Dumb Money – Movie Reviews by Ry!

Dumb Money – Of Stocks and Satire: Buy, Buy, Buy!!!

What is it that makes a true story so endearing?  When it comes to film, that ‘truth’ provides the initial hook, but it’s the journey that is the real grip.  From representation to causality, you only hope for a fulfilling experience.  In this review, I look at the latest ‘inspired by real events’ film.  This is a tale where the realities of the stock market meet satire.  With a stellar cast and a straight-forward narrative, Dumb Money is a journey of how the little guy can win big on Wall Street.

The story follows Keith Gill (Paul Dano), a financial analyst who risks everything to take on the might of Wall Street.  When it comes to ‘real event’ films, there is a middle ground of balancing truth within storytelling.  In the beginning, we are introduced to our main character, and his ongoing hobby of giving financial advice through his online persona, Roaring Kitty.  Through initial conversations (expositional elements), he notices that certain investment firms are tanking GameStop stock for the purpose of a short sale.  Through his video feed, he indicates a push (more expositional elements) to buy this stock.  He believes this countermove will prove vital in stopping the short sale.  From this point, the story becomes a tug-a-war between Gill’s group and the investment firm, leading down a path of financial consequences for everyone involved.  On the surface, the film is a linear directive of the ‘David vs. Goliath’ motif.  As it continues through this adaptation, it pushes forward a more satirical aspect of the events.  This allows a buildup of characters, their journey and how the unlikeliness becomes the calling card for something greater.  Through each scene, the filmmakers manage to create tension through general conversations, building up a thematic struggle of endearment and hope.  Through Gill (and his followers), you have a grounded sense of Wall Street through the honest reflection of the directive’s use of social machinations.  This allows the fragility of choice to bleed through each moment of the financial tug-a-war.  As things begin to dance along a thin thread, the ramification of the rising price hits a certain zeal, pushing Gill (and others) to a point of no return.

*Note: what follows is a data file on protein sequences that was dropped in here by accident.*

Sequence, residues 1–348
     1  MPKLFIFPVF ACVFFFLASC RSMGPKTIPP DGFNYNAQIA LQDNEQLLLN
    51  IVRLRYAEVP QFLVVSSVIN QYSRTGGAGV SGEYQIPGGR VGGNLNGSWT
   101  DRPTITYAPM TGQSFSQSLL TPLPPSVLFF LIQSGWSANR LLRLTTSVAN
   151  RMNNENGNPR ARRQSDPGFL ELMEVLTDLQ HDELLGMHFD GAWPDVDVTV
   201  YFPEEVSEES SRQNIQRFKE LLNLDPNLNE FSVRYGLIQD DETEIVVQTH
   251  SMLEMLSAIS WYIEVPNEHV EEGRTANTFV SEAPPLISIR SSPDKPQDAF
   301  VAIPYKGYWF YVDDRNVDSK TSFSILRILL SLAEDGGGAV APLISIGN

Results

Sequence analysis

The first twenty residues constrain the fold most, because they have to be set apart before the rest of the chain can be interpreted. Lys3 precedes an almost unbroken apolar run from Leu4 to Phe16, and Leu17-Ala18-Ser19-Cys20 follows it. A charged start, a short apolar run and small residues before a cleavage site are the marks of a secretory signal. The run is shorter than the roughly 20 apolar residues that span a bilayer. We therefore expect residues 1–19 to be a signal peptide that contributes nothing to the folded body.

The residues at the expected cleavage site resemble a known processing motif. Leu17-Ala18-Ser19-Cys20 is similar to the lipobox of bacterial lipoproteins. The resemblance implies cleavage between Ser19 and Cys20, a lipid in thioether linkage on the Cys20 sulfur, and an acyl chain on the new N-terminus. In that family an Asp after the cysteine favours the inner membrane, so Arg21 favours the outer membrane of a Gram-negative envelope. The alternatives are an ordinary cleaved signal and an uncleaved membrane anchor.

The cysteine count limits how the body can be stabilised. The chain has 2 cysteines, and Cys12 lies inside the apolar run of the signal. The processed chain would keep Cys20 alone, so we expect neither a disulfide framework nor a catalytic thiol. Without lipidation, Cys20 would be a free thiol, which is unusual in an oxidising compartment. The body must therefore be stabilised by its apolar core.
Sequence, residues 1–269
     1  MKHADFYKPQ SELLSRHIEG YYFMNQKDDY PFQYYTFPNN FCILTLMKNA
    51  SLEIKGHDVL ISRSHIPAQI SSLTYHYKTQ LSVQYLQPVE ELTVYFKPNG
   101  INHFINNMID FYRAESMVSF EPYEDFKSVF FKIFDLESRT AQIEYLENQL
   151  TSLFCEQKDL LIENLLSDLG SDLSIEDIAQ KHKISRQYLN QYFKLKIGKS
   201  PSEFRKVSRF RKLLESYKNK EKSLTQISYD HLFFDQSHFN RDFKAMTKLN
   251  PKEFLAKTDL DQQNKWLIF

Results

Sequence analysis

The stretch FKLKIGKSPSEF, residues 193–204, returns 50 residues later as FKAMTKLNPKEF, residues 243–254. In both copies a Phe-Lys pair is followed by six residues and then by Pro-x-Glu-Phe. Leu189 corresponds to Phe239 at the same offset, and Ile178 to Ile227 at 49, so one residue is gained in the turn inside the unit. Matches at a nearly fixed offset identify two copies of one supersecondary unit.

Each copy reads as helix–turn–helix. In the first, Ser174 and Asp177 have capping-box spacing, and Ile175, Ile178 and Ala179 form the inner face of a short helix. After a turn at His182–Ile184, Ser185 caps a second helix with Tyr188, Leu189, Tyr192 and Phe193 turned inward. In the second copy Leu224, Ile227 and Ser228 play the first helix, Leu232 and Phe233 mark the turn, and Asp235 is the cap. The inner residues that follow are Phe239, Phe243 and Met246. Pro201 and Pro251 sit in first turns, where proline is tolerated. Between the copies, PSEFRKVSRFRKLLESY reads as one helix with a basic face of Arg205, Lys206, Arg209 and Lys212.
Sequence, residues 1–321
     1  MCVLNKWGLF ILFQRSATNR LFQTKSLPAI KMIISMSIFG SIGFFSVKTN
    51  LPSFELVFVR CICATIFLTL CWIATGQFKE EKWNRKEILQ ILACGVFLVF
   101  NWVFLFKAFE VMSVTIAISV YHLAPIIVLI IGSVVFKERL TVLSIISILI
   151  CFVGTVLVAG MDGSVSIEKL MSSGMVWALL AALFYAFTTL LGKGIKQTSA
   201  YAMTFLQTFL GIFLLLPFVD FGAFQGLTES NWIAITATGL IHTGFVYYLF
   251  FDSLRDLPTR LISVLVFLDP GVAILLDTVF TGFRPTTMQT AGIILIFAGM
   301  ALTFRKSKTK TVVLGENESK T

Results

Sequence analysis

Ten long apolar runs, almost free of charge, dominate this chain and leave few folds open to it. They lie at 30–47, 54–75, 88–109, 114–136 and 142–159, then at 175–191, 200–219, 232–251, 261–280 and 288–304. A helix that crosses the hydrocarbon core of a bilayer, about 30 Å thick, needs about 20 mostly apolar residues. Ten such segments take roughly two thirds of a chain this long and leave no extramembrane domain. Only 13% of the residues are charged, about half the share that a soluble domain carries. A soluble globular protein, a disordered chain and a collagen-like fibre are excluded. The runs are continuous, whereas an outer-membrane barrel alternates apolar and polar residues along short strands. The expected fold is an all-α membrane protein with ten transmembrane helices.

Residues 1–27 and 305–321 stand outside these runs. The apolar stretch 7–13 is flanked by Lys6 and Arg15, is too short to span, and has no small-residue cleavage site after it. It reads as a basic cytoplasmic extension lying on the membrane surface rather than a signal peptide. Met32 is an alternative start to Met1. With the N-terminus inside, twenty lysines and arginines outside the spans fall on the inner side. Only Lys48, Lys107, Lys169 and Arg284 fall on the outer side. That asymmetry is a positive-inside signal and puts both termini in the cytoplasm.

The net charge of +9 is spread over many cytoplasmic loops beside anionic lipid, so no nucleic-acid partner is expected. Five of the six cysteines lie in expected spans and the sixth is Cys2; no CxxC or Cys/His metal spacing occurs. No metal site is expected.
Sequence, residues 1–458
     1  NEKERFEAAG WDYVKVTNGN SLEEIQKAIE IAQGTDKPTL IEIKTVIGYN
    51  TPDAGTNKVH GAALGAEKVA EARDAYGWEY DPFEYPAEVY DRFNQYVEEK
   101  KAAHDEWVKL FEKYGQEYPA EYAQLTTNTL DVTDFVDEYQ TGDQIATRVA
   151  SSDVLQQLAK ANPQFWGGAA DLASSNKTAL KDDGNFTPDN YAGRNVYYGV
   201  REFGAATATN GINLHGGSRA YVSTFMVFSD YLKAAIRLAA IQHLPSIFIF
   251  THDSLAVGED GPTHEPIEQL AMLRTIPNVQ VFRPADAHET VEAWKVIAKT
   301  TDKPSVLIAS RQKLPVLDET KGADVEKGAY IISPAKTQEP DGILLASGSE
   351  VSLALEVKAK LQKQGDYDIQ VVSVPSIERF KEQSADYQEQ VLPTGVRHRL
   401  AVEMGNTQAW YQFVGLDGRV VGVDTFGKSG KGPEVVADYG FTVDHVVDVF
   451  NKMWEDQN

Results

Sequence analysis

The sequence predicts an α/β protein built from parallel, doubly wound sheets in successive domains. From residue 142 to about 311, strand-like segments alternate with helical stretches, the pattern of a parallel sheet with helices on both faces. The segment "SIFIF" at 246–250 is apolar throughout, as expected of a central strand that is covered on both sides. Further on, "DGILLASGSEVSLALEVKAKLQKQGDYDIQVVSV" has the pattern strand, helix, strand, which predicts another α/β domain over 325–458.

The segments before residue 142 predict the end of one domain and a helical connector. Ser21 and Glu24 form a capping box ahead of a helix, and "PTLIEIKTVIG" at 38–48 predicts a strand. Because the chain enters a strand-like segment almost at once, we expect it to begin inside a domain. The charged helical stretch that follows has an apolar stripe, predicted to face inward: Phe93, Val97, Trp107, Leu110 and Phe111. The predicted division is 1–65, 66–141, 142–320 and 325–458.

Through certain unforeseen circumstances, the choices made (by those involved) lead to an unsuspected fallout.  Standing at a crossroads, Gill faces the ultimate test of his knowledge against the high stake’s world of Wall Street.  With only a fool’s prayer, we head into a third act of predictable tropes and strong character moments.  Even within what is real, we still get a good wholesome climax and epilogue.  Dumb Money is a true story that becomes more whimsical in its events.  If you are a fan of true stories, dialogue driven movies or satire, this is one for you.  For me, it is worth the Full Price.

Full Score – 4 out of 5 (Full Price)

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